Array jobs - Amazon Batch
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Array jobs

An array job is a job that shares common parameters, such as the job definition, vCPUs, and memory. It runs as a collection of related yet separate basic jobs that might be distributed across multiple hosts and might run concurrently. Array jobs are the most efficient way to run extremely parallel jobs such as Monte Carlo simulations, parametric sweeps, or large rendering jobs.

Amazon Batch array jobs are submitted just like regular jobs. However, you specify an array size (between 2 and 10,000) to define how many child jobs should run in the array. If you submit a job with an array size of 1000, a single job runs and spawns 1000 child jobs. The array job is a reference or pointer to manage all the child jobs. This way, you can submit large workloads with a single query. The timeout specified in the attemptDurationSeconds parameter applies to each child job. The parent array job does not have a timeout.

When you submit an array job, the parent array job gets a normal Amazon Batch job ID. Each child job has the same base ID. However, the array index for the child job is appended to the end of the parent ID, such as example_job_ID:0 for the first child job of the array.

The parent array job can enter a SUBMITTED, PENDING, FAILED, or SUCCEEDED status. An array parent job is updated to PENDING when any child job is updated to RUNNABLE. For more information about job dependencies, see Job dependencies.

At runtime, the AWS_BATCH_JOB_ARRAY_INDEX environment variable is set to the container's corresponding job array index number. The first array job index is numbered 0, and subsequent attempts are in ascending order (for example, 1, 2, and 3). You can use this index value to control how your array job children are differentiated. For more information, see Tutorial: Using the array job index to control job differentiation.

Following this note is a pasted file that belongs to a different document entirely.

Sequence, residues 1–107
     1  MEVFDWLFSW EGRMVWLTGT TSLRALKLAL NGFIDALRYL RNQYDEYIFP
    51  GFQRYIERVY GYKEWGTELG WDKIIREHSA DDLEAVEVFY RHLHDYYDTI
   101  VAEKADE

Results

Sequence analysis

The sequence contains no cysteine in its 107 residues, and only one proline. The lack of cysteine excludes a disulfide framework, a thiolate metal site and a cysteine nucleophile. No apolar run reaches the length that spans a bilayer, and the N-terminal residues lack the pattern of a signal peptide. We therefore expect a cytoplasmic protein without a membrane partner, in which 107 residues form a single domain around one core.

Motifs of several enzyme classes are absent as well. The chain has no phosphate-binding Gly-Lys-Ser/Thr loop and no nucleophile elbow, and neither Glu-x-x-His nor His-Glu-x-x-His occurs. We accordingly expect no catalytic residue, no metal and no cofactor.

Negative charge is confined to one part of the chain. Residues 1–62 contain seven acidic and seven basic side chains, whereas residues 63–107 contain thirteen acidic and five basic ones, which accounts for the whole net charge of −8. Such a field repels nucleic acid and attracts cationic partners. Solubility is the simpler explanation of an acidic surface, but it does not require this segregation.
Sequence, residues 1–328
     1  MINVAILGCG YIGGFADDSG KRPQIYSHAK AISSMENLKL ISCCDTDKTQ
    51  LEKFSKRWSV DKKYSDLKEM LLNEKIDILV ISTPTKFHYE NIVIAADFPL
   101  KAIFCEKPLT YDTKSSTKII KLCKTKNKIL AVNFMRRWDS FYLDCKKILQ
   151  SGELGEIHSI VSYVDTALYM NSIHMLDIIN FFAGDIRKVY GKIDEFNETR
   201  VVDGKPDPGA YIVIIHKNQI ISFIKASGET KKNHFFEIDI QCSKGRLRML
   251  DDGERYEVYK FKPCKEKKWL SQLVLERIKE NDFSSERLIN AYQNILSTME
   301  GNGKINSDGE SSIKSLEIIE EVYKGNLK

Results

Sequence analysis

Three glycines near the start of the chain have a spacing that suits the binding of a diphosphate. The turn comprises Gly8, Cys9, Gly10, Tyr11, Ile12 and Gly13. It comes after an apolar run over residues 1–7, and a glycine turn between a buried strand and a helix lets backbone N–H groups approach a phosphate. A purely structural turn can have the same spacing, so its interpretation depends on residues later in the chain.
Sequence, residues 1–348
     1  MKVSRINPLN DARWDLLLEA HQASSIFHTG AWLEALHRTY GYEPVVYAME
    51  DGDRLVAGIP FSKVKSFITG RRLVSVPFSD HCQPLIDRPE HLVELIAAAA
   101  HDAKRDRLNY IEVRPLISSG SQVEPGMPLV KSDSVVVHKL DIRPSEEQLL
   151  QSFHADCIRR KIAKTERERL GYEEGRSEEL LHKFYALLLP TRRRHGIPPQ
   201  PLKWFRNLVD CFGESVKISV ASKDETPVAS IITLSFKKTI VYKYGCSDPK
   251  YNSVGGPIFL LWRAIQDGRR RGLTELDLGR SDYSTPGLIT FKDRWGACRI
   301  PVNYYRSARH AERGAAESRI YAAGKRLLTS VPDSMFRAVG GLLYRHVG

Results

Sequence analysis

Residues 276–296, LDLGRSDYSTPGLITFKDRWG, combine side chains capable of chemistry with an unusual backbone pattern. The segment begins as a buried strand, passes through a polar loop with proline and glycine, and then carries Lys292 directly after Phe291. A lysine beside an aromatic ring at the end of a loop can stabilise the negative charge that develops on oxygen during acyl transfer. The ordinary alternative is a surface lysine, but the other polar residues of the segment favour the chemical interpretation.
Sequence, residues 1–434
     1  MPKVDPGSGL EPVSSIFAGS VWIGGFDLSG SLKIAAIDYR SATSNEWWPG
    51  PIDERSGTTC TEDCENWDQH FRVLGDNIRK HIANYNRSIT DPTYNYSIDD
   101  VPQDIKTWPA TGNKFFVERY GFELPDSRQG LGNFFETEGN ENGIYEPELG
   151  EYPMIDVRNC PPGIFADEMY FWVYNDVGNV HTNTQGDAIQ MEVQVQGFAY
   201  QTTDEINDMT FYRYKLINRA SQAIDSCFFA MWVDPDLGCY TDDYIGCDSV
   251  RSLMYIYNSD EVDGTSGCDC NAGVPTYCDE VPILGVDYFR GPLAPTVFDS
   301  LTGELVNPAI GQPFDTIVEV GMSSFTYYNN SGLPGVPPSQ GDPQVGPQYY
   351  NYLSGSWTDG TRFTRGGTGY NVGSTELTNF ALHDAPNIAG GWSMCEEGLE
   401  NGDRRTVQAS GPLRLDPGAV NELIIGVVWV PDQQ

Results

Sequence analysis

For array job dependencies, you can specify a type for a dependency, such as SEQUENTIAL or N_TO_N. You can specify a SEQUENTIAL type dependency (without specifying a job ID) so that each child array job completes sequentially, starting at index 0. For example, if you submit an array job with an array size of 100, and specify a dependency with type SEQUENTIAL, 100 child jobs are spawned sequentially, where the first child job must succeed before the next child job starts. The figure below shows Job A, an array job with an array size of 10. Each job in Job A's child index is dependent on the previous child job. Job A:1 can't start until job A:0 finishes.

You can also specify an N_TO_N type dependency with a job ID for array jobs. That way, each index child of this job must wait for the corresponding index child of each dependency to complete before it can begin. The following figure shows Job A and Job B, two array jobs with an array size of 10,000 each. Each job in Job B's child index is dependent on the corresponding index in Job A. Job B:1 can't start until job A:1 finishes.

If you cancel or terminate a parent array job, all of the child jobs are cancelled or terminated with it. You can cancel or terminate individual child jobs (which moves them to the FAILED status) without affecting the other child jobs. However, if a child array job fails (on its own or by cancelling or terminating manually), the parent job also fails.